# Re: a simple question

From: pat hayes <phayes@ihmc.us>
Date: Tue, 2 Dec 2003 19:21:15 -0600
Message-Id: <p06001f18bbf2e73748bb@[10.1.31.1]>
To: Drew McDermott <drew.mcdermott@yale.edu>

```
>    Suppose we have a simple service having as input the current location of =
>    a user and as output the nearest airport.
>    I suppose that the web service should describe what "nearest" means. A =
>    way to describe this, I think, is by using rules.=20
>    Probably the definition of "nearest" could be:
>
>    nearest(current_location, X)
>         :- airport(X),
>	   airport(Y),
>	   X =\= Y,
>	   (location(X) - current_location)
>                 <=
>	   (location(Y) - current_location).
>
>    Could anybody explain me how I can use OWL Rule Language [1] in =
>    specifying such a rule, taking=20
>    into account that in OWL Rule Language only variables that occur in the =
>    antecedent of a rule may occur in the consequent.
>
>The rule you gave doesn't say what you want.  It says that X is the
>nearest if there exists a Y (not = X) such that X is closer than Y.
>In fact, the existence of such a Y is neither a necessary nor a
>sufficient reason for Y to be nearest.
>
>The correct way to say it is
>
>    nearest(current_location, X)
>         :- airport(X),
>	   forall (Y)
>              (airport(Y)
>	      ->
>	     (location(X) - current_location)
>                     <=
>	     (location(Y) - current_location))
>
>(The inequality condition is unnecessary, although harmless).
>
>To eliminate the explicit quantifier, there are two approaches one can
>take.  One is to skolemize, replacing Y by a term sk_nst(X):
>
>    nearest(current_location, X)
>       :- airport(X),
>          (airport(sk_nst(X))
>           ->
>           (location(X) - current_location)
>                <=
>	  (location(sk_nst(X)) - current_location))
>
>A theorem prover might use this as follows: To prove that JFK is the
>nearest airport, verify that JFK is an airport, then assume that
>sk_nst(JFK) is an arbitrary airport, and prove that
>(location(sk_nst(JFK)) - current_location)
>is > (location(JFK) - current_location)
>
>You probably won't be able to prove this unless you have a list of all
>the airports, so that you can infer
>
>sk_nst(JFK) = BDL V sk_nst(JFK) = LAX V sk_nst(JFK) = GTW V ...
>
>Then case analysis and equality substitution would finish the proof
>off.
>
>The alternative is to use negation-as-failure, writing the axiom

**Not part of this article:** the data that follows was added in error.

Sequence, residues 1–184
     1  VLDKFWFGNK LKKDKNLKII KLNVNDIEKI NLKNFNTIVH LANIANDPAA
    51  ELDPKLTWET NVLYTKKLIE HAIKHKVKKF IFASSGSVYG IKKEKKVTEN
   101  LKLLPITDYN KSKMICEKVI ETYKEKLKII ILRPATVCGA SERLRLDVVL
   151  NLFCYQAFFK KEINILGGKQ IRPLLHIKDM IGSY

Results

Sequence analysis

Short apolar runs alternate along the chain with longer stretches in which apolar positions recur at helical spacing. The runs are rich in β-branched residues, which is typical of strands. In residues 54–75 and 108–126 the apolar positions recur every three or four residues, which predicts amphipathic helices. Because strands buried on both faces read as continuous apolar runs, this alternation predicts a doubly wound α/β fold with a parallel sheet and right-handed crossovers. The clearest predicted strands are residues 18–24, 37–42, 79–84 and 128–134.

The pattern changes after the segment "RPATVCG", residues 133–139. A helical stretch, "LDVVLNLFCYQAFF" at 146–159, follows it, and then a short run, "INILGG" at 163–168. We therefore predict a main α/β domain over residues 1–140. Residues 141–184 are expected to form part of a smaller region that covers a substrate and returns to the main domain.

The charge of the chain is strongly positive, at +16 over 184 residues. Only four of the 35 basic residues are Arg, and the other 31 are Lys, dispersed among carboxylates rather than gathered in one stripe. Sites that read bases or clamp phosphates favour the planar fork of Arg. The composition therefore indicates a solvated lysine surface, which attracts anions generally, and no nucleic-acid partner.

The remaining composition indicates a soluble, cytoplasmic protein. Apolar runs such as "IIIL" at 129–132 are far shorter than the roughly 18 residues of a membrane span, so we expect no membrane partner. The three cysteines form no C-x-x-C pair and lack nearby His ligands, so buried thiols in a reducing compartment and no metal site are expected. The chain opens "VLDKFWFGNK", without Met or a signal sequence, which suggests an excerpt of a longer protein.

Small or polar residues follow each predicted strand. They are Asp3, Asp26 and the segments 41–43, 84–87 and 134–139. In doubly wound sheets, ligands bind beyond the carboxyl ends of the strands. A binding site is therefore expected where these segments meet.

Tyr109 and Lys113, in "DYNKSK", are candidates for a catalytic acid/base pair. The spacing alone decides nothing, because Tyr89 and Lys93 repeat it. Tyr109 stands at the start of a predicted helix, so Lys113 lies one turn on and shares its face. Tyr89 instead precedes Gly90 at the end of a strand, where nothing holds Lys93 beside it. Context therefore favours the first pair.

>
>    nearest(current_location, X)
>       :- airport(X),
>	 (\+ (airport(Y),
>	      (location(X) - current_location)
>                  >
>	      (location(Y) - current_location)))
>
>where \+ is the usual Prolog symbol for negation-as-failure.  This
>version says, in essence, if I can't think of an airport Y that is
>closer than X to my current location, then X is the nearest airport.
>
>The NAF approach is likely to be much more efficient, much easier to
>implement, and much more likely to yield a useful conclusion than the
>heavy-duty theorem prover.

All true. It is also likely to be wrong,
unfortunately. The fact that you can't think of a
closer airport doesn't usually qualify as a good
reason to conclude that there isn't one, unless
you also know for sure that you know all the
airport locations, so that if you don't know it,
then its not there. Like, for example, if you
have a  list of all the airports. If you make
this explicit, as you should, then you are back
doing 'heavy-duty' reasoning.

BTW, calling it 'heavy-duty' is misleading. In
the first case you have made all the equality
reasoning explicit. In a prolog-style
implementation this is all buried in the
backtracking done by the interpreter: but it
still needs to be done. The same actual
*reasoning* is involved in both cases.

>  I hope the people who deprecate it realize
>that the heavy-duty theorem prover is the only alternative.

Its not a matter of alternatives. If you want to
draw checkable valid conclusions, then you need
to do this kind of reasoning.  If you want to
make random guesses and hope for the best then
you can of course work faster, but don't expect
others to believe in your conclusions.
Negation-as-failure is NOT a good general
reasoning strategy: 99.99% of the time it will
immediately produce childishly ludicrous
conclusions: I don't know anyone called Jose, so
there isn't anyone called Jose; I never heard of
SARS, so there is no disease called SARS, so
nobody can possibly have died from SARS; and so
on. It is of utility only in those very special
circumstances when you have some reason to be
confident that you are dealing with a 'complete'
source of information about some aspect of some
topic (like having a list of all the airports.
Even then you had better be careful: is it really
ALL the airports or only those with an
international airport code? Does it include civil
airports and military airfields?). When you do,
of course, then it is indeed very handy.  The
industrial uses of Prolog-style rules all are
designed within controlled environments,
typically using databases, where such special
conditions can be assumed. But on the web, we
can't assume that we are living in such a
controlled environment. We need to make those
critical assumptions explicit somehow if we are
going to make rules that can survive in the real
world.

Pat Hayes

>--
>                                              -- Drew McDermott
>                                                 Yale University CS Dept.

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```
Received on Tuesday, 2 December 2003 20:23:10 UTC

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